Today Swaffham is a pretty market town with a centre full of beautiful Georgian houses and shop fronts, with pubs, old coaching inns and coffee houses as well as the old columned and domed market cupola our routes start and finish at.
Historically, it almost certainly has a prehistoric origin and while there are no obvious Roman remains several Roman roads pass very close to the town. It gained its name from south west German ‘Swabian’ settlers who were part of the Anglo-Saxon invasion and it continued to grow in importance through the medieval period as a trade and pilgrimage route as well as a centre for the local wool trade.
The town sits on a slight rise in the otherwise flat area and the Georgian era saw its reputation as ‘somewhere to take the air’ bolstered with an Assembly room, theatre, pleasure gardens and racecourse. As a result, Lady Nelson preferred to live here because the Burnham’s in North Norfolk were too quiet. The surrounding Breckland (Brecks are fields allowed to return to heath) landscape hasn’t changed much since those times either, making it a wonderful area explore by cycling both on and off road.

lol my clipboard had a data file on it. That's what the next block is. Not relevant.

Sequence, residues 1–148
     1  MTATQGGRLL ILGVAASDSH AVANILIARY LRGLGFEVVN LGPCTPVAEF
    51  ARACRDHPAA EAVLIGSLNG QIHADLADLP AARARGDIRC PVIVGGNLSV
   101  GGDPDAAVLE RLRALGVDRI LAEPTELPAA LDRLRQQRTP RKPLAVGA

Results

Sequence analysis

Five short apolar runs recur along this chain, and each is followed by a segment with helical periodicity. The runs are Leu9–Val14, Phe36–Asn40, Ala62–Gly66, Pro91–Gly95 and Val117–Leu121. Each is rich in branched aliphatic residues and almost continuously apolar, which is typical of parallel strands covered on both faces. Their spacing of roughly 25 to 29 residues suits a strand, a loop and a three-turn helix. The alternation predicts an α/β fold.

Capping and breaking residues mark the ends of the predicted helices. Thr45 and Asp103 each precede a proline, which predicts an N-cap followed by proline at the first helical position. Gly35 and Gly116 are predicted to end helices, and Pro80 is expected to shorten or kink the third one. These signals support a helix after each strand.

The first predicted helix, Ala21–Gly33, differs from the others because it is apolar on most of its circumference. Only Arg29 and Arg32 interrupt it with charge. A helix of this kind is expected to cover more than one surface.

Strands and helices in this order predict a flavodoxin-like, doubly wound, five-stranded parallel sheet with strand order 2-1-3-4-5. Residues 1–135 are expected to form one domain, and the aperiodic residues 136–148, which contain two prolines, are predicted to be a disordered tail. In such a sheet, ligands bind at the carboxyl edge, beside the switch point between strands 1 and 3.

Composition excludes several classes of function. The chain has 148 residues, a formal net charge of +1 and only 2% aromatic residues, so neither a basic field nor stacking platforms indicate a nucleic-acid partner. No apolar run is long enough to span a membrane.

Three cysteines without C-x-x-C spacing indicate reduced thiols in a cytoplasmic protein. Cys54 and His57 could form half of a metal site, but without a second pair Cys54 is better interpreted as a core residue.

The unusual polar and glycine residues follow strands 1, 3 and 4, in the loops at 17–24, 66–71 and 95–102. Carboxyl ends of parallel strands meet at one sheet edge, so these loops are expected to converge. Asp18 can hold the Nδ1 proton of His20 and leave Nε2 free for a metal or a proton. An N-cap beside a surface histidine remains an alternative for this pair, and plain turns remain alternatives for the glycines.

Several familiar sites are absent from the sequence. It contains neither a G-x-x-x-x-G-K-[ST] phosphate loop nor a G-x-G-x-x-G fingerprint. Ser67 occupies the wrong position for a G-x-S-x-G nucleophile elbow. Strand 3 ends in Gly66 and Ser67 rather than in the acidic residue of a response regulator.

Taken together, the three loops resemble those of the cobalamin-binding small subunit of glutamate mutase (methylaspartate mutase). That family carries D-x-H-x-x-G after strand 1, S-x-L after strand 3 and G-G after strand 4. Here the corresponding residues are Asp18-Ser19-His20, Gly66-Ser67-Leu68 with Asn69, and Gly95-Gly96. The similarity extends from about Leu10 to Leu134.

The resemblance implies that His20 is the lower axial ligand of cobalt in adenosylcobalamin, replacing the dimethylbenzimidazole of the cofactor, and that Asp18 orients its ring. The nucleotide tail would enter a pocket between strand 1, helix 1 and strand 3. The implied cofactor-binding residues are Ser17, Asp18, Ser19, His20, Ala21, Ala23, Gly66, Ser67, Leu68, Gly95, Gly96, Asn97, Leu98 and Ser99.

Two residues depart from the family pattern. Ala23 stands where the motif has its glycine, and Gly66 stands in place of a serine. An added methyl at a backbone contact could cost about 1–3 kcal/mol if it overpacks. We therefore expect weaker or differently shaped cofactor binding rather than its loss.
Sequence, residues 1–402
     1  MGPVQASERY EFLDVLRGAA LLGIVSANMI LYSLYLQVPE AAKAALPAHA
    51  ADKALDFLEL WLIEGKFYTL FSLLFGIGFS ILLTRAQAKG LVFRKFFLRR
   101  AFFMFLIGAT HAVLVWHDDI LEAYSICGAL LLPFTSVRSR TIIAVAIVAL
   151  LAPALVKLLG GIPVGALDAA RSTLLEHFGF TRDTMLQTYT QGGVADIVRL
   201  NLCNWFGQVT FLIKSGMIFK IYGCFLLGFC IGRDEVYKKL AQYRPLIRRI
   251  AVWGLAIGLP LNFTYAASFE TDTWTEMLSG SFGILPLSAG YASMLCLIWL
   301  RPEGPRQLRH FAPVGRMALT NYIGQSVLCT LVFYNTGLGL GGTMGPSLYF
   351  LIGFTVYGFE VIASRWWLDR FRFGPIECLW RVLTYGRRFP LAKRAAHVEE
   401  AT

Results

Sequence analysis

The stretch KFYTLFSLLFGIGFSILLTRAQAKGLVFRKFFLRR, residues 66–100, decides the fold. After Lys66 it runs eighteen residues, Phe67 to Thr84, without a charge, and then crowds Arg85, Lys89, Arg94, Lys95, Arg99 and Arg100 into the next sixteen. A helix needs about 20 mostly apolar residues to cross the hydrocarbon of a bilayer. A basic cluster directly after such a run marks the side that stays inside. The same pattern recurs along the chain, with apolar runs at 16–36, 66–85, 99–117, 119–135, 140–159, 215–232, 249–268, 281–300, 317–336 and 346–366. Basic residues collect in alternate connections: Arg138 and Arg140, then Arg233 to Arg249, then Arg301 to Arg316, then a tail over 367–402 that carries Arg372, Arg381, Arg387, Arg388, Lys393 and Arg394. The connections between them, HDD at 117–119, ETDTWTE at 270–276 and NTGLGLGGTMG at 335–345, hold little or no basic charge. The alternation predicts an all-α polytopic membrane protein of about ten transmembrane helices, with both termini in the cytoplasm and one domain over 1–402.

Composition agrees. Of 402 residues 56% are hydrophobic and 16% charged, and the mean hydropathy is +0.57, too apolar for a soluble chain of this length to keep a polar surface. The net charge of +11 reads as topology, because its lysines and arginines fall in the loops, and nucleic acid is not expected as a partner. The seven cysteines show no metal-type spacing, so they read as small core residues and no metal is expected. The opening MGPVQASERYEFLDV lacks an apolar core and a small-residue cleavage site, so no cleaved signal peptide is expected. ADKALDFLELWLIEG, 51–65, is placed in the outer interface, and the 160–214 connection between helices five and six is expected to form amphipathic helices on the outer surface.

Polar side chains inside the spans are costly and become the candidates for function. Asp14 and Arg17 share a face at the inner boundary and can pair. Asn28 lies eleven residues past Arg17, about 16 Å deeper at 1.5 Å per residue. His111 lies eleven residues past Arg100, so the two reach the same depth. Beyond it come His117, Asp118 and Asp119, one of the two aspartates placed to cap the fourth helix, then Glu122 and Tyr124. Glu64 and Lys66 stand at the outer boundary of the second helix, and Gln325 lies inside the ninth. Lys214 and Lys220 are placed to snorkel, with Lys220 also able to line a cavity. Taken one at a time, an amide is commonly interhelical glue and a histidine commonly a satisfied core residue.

When you need to feed your appetite, surrender your taste buds to scones in the gardens of sumptuous Tudor stately homes, fine local produce in farm shops or artisan bakeries in town.
When you’re done exploring for the day, you can choose from an equally eclectic mix of places to stay: from campsites to youth hostels or hotels where aristocrats and royals once stayed.
Swaffham provides a great base from which to explore the surrounding countryside and the rich history that the area has to offer. We’ve aimed to keep our routes to a leisurely distance, but there’s potential to expand each one to take in even more treasures of Norfolk.